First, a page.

You'll find mostly locals at the Yerba Buena Center for the Arts, where artists, authors and thinkers offer talks and tours, among other events, many of them free, Tan says. The city's best regular free entertainment is on Sundays in summer at Stern Grove, where music and dance are offered in an outdoor amphitheater.

"Once a performer got sick, and he was replaced last-minute by Placido Domingo," Tan recalls. The San Francisco Symphony, she adds, is terrific, and she recommends eating beforehand at Hayes Street Grill. Be sure to order a cone of incredible fries, she says.

3,000 Kinds of Tea

After lunch, we stroll through the Ferry Plaza Farmers Market, which is my newest reason for wishing I lived in San Francisco. The Ferry Building that houses the market opened in 1898 but eventually languished for many years because city planners decided to build a highway around it. After damage from the 1989 earthquake forced the highway to be torn down, someone recognized the potential of this old building along the water, with a clock tower modeled after the bell tower of the 12th-century Seville Cathedral in Spain.

On Saturdays and Tuesdays, farmers practicing sustainable agriculture display their wares in stalls outside, and anyone who doesn't like crowds might want to avoid it. Other days, visit for the restaurants or the gourmet food shops that inspire the wish to picnic or cook.

Cowgirl Creamery sells artisan cheeses made on nearby dairy farms. The aroma of fresh-baked Acme bread competes with the smells of the herb and flower store down the hall. The Scharffen Berger chocolates look as if they might even be worth the eye-popping prices. And where else do you find a store selling nothing but mushrooms?

The Imperial Tea Court sends out such an aura of calm that I'm immediately reminded of a spa. The store handles most of the 3,000 kinds of tea known in the world, including compacted cakes of pu-erh tea, which is aged in caves. It's the only tea that improves with age, Tan says, and is considered a fine gift for a host. "People in that store know tea like a sommelier knows fine wines," she says.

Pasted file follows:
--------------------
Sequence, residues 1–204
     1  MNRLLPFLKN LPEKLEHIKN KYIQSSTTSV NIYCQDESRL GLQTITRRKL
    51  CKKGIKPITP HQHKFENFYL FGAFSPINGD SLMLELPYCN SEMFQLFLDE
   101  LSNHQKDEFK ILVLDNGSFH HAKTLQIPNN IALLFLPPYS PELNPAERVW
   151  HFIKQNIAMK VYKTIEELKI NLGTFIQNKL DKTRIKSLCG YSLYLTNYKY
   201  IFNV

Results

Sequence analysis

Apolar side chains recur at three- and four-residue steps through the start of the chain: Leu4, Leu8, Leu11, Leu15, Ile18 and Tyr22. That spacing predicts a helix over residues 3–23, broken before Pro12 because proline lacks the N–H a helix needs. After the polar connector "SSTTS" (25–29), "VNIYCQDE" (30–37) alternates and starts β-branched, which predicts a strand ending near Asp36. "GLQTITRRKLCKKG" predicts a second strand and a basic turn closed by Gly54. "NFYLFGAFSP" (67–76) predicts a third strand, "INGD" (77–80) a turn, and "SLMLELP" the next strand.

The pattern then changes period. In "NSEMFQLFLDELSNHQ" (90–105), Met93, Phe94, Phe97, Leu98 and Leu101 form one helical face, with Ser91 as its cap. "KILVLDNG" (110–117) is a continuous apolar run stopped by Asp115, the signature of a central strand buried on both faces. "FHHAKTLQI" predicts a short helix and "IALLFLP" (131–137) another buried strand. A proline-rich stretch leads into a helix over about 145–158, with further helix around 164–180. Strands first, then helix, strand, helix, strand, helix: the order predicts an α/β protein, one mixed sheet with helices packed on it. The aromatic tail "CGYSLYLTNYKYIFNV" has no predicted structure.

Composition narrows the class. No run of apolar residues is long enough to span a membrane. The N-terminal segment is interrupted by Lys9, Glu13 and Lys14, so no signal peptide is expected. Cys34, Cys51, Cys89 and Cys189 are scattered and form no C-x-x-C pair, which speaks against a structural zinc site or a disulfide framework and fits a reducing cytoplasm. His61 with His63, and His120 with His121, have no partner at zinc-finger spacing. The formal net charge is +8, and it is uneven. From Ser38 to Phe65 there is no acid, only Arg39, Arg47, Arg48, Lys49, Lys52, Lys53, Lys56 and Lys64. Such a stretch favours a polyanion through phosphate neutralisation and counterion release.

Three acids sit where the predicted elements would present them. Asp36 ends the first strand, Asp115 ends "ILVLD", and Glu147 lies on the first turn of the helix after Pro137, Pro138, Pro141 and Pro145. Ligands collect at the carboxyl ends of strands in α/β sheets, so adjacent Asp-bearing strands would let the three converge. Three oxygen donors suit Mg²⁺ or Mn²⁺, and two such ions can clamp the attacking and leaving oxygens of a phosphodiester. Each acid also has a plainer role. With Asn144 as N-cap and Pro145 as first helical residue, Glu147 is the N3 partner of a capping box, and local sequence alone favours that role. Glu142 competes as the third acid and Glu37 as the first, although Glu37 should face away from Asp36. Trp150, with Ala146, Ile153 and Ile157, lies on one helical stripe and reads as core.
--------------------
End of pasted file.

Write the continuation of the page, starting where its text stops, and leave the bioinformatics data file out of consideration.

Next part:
As we approach the opera house, also home to the San Francisco Ballet, Tan says she spends more time in the Civic Center neighborhood than any other, with its walkways lined with linden trees and fine old buildings, including City Hall, the Asian Art Museum and Davies Symphony Hall.

Built in the French Renaissance style and opened in 1932, the opera house was fitted with the latest in acoustic technology after the 1989 earthquake. On the stage, Cao belts out a few notes and says, "The Kennedy Center is very prestigious, but it doesn't have good acoustics for the artists. The sounds go out, but they don't come back. Here, they return to you. When you can hear yourself, you can experiment, take chances. It makes for a better performance."

She and Tan also praise the availability of cheap seats. Subscribers get first pick, and a ticket in a center box is more than $200. But there are student rush tickets for $25, and standing room is $10.

Cao appreciates the patrons in the boxes but loves those who stand. "I am very touched by the standing-room people," she says. "You can only see their heads, but at the end of the night, it might be midnight, and not a single head is missing. When I see people sleeping in the front row, I want to go, 'Stop the show. Send those people home to bed and let someone standing have their seats.' "

We pile back into Tan's Prius, and Cao points out the corner where she was recently stopped by a police officer for speeding. The mezzo-soprano told him she was rushing to her performance at the opera house. "Sing for me," he told her, and she did a quick aria. "That was beautiful," he said. "You can go."

"That story is so San Francisco," Tan says. "This is a city with a soul."